It’s up to Greece to tackle its own problems with tax avoidance. This is what the Dutch government had to say in its response to the Fool’s Gold report which was released on Monday. The publication reveals how the Canadian mining corporation Eldorado is using mailbox companies to avoid paying taxes. The government’s reaction leaves no doubt that the Dutch authorities refuse to take responsibility for the pernicious effects of its own tax policies. The country is increasingly isolating itself from the European struggle against tax avoidance.
It was also on Monday that the European Parliament’s special committee on tax rulings in the EU first spoke to the European Commission. Pierre Moscovici, the European Commissioner who deals, among other issues, with tax affairs, was grilled by various MEPs. Fabio de Masi, member of the special committee, asked Moscovici whether he knew about the Eldorado research.
Mr. de Masi also stated: “I believe Commissioner Moscovici should address Jeroen Dijsselbloem who is chair of the Eurogroup which keeps imposing austerity measures on Greece. At the same time, Dijsselbloem is also Minister of Finance of the Dutch tax haven through which Greece and many other countries are deprived of rightfully due tax revenues. The Netherlands and the EU have a joint responsibility to tackle tax avoidance and have to stop hypocritically prescribing policies leading to economic depression while betraying the principle of sincere cooperation between EU member states.”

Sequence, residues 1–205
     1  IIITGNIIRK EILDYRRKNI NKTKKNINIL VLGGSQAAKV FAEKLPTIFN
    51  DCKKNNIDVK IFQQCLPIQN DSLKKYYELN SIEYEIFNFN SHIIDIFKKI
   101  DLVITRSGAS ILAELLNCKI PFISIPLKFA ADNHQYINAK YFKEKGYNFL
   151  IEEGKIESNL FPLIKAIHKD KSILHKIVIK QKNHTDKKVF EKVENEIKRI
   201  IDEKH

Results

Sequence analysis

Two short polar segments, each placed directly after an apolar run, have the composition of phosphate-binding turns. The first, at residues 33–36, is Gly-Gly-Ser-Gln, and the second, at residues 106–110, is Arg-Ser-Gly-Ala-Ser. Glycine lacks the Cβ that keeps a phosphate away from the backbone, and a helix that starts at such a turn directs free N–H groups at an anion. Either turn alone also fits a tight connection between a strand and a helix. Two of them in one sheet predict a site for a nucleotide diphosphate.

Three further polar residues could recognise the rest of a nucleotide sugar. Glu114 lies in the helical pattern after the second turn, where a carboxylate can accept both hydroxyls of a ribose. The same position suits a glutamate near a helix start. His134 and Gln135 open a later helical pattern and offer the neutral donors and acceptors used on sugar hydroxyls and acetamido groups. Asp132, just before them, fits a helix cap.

Hypocrisy of the Netherlands
The issue was also discussed today during the launch of SOMO’s Fool’s Gold report in Athens. Vice-chair Eva Joly of the special committee on tax rulings mentioned above, stressed that same point: “To call this hypocrisy is to put it mildly. It is time that Dutch citizens realise how their governments have, for decades, been defending this kind of robbery at industrial scale”.
The report ‘Fool’s Gold’ proves that Greece’s economic recovery is being undermined by tax avoiding practices carried out through mailbox companies in the Netherlands. In 2012-2013, for instance, the Greek government lost € 1,7 million to the Canadian gold mining firm Eldorado Gold. The corporation was using the Netherlands as a conduit to shift its interest income to Barbados, so as to avoid paying taxes. The company has a number of gold mines in Greece which are controversial for damaging the environment and causing human rights abuses.
The report by SOMO shows that Eldorado’s practices are far from being an exception; the problem is indeed structural. Dutch mailbox companies – well-known as instruments for fiscal avoidance – are used by other companies for their investments in Greece: BMW, Coca-Cola, Bosch, Dole and Footlocker, to mention a few. SOMO advocates raising the issue of the Netherlands’ double standards.
European member states can jointly ensure that profits do not remain untaxed and wind up in tax havens. In order to achieve this, they must prioritise a fair tax system instead of engaging in a destructive race-to-the-bottom in the area of corporate tax. At the same time, more fiscal transparency is also needed, and it should be more far-reaching than the recently presented ‘Tax Transparency Package’ drafted by the European Commission. What transparency means is obviously openness to everyone, not just tax authorities. The case of Eldorado illustrates a structural problem, and shows why it is so important to grant NGOs, unions, journalists and many others access to this information. As long as tax avoidance persists in the EU, the more watchdogs the better.